The cost of implementing the card system can be staggering. Target is expected to spend around $100 million to install new chip card readers in an effort to protect against cyber theft.
So is it worth $100 million to implement chip and PIN technology?
Without question. And even Target thinks so, or at least it did ten years ago when it was at the forefront of implementing chip & PIN technology. From 2001-2004 they spent $40 million to adopt chip-based credit-card technology and installed 37,000 new point-of-sale terminals to handle chip cards across its U.S. stores.
Ultimately they backed out because their marketing strategy at the time just didn’t catch on with consumers and because it was taking “A FEW SECONDS” longer per customer to get through the line. I don’t know about you, but I’d wait an extra two seconds in order to know my data is secure. And I bet Target victims would take back the time it is taking them to change their credit card information with every online site or monthly automatic payment company their now-compromised card was used for.
To put the cost in perspective, $100 million is about $1.00 per Target breach customer. I bet the average credit card holder would be willing to foot the $1 bill to dramatically reduce their risk (even if it’s not a perfect solution). In fact, the cost of fraud gets passed on to customers anyway (higher credit card rates, higher retail prices), so why not spend that same money (or far less, in fact) on securing the transactions in the first place?
- A survey of 936 credit unions indicates the Target breach has cost credit unions an average of about $5.10 per card affected by the security lapse. The Credit Union National Association said these costs most likely do not include any fraud losses, which are likely to occur later.
- In 2012, the Ponemon Institute’s annual study showed the average cost of a data breach in the US is $188 per person notified.
- For credit issuers, the average cost per record breached is set at $280.
- Aite Group reports that card fraud in the U.S. already costs the card payment industry (primarily issuers) $8.6 billion a year.
You tell me if it’s worth it! (Seriously, I want your thoughts and comments below)
How do we get there?
It seems crystal clear to me that fraudsters have gotten so sophisticated that we either need to join together (retailers, banks, and credit card companies) or we will fail to stop this trend of Mega-Breaches. Pardon the pun, but clearly we have put the “target” on our own backs; criminals have increasingly focused on the US because we are so far behind.
James Dimon, CEO of J.P. Morgan Chase sees this as an opportunity for real change. He said, “All of us have a common interest in being protected, so this might be a chance for retailers and banks to for once work together, as opposed to sue each other like we’ve been doing the last decade.”
I see 4 overarching steps that need to be taken:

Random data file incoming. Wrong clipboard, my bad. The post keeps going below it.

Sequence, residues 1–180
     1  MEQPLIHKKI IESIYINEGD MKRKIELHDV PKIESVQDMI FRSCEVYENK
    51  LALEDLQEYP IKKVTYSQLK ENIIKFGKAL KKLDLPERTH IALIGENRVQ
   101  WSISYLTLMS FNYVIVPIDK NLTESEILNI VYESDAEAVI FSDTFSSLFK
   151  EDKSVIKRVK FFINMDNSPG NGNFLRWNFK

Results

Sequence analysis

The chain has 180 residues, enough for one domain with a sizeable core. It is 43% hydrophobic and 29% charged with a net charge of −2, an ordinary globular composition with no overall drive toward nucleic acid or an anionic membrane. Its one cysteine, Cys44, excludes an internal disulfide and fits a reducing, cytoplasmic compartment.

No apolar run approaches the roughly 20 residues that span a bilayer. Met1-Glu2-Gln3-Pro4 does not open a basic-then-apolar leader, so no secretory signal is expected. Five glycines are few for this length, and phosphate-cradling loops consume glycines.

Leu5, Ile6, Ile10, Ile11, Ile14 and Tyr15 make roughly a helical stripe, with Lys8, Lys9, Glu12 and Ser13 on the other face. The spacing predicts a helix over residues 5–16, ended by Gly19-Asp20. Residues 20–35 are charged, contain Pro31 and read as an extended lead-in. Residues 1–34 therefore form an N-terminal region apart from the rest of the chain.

- Retailers, credit card processors, banks, VISA, MasterCard and American Express need to stop focusing on their own self-interest (profit) and start to work together for the common good. Of course, they won’t do this without incentive, so…
- Congress should create a U.S. equivalent of the U.K. Card Association that sets policy and has the authority to fine those stakeholders who fail to act.
- In other words, we will need legislation to ensure that the “liability shift” dates projected for 2015 are met. This means that if credit card companies have issued chip and PIN cards, but retailers have not installed machines to read them, the merchants would be held accountable for any losses due to fraud.
- Everyone needs to understand that there will be costs associated with the change, just like there are costs when you install a security system, a lock on a door or a vault in a bank.
Will chip and PIN cost retailers? Yes. Will chip and PIN cost banks? Yes. Will it cost consumers? Yes. Will it cost (in total) as much as the fraud resulting from even a single major breach like Target. NO. It’s time to start thinking about security from a long-term perspective, and long-term profitability will follow.
John Sileo is an author and highly engaging speaker on internet privacy, identity theft and technology security. He is CEO of The Sileo Group, which helps organizations to protect the privacy that drives their profitability. His recent engagements include presentations at The Pentagon, Visa, Homeland Security and Northrop Grumman as well as media appearances on Rachael Ray, 60 Minutes, Anderson Cooper and Fox Business. Contact him directly on 800.258.8076.
John Sileo appeared on CBS’s The Rachael Ray Show on January 29, 2014 to talk about the latest identity theft trends and threats.
Rachael asked John to go into one of their audience members homes and pick it apart from a privacy standpoint. John took a look at everything, from items hidden under the mattress to filing cabinets, trash cans, computers, mobile devices and more. Take a look to learn how to bulletproof your home and self against identity theft.
John Sileo is an an award-winning author and keynote speaker on identity theft, internet privacy, fraud training & technology defense. John specializes in making security entertaining, so that it works. John is CEO of The Sileo Group, whose clients include the Pentagon, Visa, Homeland Security & Pfizer. John’s body of work includes appearances on 60 Minutes, Rachael Ray, Anderson Cooper & Fox Business. Contact him directly on 800.258.8076.
Data Security Expert John Sileo talks with Fox Business about the recent Target data breach.
Data Breach Expert John Sileo goes on Fox & Friends to discuss the 110 million records breached at Target.
Allowing our children the innocence of their childhood is paramount to us as parents. Because our children are pretty much the center of our universe, we want to do everything in our power to keep them safe and to safeguard their futures. In this information age, identity theft has become global in its reach and can have devastating consequences for our children’s futures if we’re not vigilant from the day they acquire a Social Security number.